Meeting of the General Seminar, Faculty of Law, University of Belgrade (October 21, 2022), John Keane, How Democracies Die – Fast or Slow?
As part of the General Seminar at the Faculty of Law of the University of Belgrade, respected professor and world-renowned political theorist – John Keane (University of Sydney) spoke on the topic of different ways of perishing democracy.
Professor Keane outlined some of the main problems faced by democratic orders around the world, such as demagoguery, populism, large social inequalities, xenophobia, corruption or lack of media freedom. One of the approaches to “death of democracy” is that it happens quickly and decisively, most often through violent coups – like in Thailand, Palestine or Egypt. The second approach can be labeled as “gradualistic”, which implies the existence of different rhythms of death, which depend to a large extent on the will of political actors. The struggle takes place between those who support the democratic order and those who actively work to destroy it, as a result of which there are ups and downs in stability, with an emphasis on hidden processes of conflict within complex power relations. The third way is populism, which proves that manipulation and the gradual destruction of institutions can be just as effective and dangerous as firearms. The professor emphasized that the abuse of democracy against oneself also takes place in perfidious ways – by demagogues using democratic means (media and freedom of assembly) to present themselves as protectors of the “people’s will and interests”, although in essence they are working completely against democratic values. The rule of law collapses, every form of independence dissapears, and the ruling party profits. This leads further to the neglect of civil society, which turns out to be one of the foundations of democracy, as a result of which it slowly and surely sinks into the abyss. Democracy cannot be reduced to its procedural aspects, which is why, at the end of the presentation, the professor pointed out the wider importance of caring for the natural environment and the role of democracy in this regard.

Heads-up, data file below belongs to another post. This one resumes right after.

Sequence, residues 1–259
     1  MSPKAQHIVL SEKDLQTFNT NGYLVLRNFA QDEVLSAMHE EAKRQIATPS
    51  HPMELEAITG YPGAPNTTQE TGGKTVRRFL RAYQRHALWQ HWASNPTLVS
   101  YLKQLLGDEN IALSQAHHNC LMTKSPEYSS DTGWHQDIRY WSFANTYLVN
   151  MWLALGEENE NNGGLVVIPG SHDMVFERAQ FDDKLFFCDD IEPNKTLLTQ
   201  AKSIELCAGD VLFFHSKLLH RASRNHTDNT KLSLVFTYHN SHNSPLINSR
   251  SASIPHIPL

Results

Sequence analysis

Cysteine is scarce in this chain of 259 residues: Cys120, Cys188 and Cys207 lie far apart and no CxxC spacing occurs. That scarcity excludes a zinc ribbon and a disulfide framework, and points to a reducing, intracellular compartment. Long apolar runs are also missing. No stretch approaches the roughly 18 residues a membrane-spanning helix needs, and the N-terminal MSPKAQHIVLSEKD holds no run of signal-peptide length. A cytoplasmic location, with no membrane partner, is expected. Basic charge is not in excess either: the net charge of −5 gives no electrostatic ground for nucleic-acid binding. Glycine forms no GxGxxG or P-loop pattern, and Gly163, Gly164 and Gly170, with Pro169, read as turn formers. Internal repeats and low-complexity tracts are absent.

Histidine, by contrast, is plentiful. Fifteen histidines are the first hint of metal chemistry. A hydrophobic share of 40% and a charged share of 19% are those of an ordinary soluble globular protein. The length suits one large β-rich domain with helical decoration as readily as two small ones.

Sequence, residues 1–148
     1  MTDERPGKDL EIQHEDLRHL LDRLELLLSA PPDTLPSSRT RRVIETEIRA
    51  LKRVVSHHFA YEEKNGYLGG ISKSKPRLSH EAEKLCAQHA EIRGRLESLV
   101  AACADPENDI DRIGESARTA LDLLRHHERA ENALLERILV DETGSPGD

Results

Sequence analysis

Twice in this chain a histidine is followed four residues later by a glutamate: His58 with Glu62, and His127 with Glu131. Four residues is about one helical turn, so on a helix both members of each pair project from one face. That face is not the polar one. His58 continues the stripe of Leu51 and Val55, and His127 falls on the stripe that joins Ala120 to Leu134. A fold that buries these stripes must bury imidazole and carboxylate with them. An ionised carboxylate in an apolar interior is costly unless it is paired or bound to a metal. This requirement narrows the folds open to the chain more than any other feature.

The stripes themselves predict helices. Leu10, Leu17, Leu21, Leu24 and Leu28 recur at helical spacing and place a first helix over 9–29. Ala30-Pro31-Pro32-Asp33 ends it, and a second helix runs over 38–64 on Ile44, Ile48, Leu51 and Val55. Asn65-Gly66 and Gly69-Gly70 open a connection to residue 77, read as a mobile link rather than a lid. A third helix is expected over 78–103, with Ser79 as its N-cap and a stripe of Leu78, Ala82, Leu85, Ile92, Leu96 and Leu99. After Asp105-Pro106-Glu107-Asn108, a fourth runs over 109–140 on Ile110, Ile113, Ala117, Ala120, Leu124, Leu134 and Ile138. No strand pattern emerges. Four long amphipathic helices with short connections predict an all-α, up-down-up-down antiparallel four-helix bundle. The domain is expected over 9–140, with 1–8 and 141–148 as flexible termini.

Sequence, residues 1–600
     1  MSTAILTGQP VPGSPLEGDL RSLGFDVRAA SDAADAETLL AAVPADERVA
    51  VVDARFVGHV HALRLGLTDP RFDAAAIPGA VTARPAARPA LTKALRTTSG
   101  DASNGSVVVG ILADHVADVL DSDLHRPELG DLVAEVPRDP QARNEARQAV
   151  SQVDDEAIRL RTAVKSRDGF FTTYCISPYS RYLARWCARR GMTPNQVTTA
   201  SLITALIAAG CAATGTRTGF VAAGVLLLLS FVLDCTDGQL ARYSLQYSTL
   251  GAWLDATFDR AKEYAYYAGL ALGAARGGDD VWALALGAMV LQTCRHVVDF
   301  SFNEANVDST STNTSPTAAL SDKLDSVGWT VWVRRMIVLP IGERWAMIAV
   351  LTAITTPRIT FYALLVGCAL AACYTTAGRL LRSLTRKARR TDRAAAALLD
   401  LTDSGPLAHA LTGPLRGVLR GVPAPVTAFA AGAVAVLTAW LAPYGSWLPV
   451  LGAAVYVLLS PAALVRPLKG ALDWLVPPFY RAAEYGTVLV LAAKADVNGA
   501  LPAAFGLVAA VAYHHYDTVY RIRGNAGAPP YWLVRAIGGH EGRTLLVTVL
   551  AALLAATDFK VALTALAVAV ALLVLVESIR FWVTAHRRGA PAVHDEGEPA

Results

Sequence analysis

This was followed by questions from the audience, mostly focused on the methods of regulating the problems presented. Professor Keane mainly responded by drawing attention to the necessity of limiting political power, the importance of guaranteeing civil liberties and the existence of independent regulatory bodies, which would ensure the rule of law.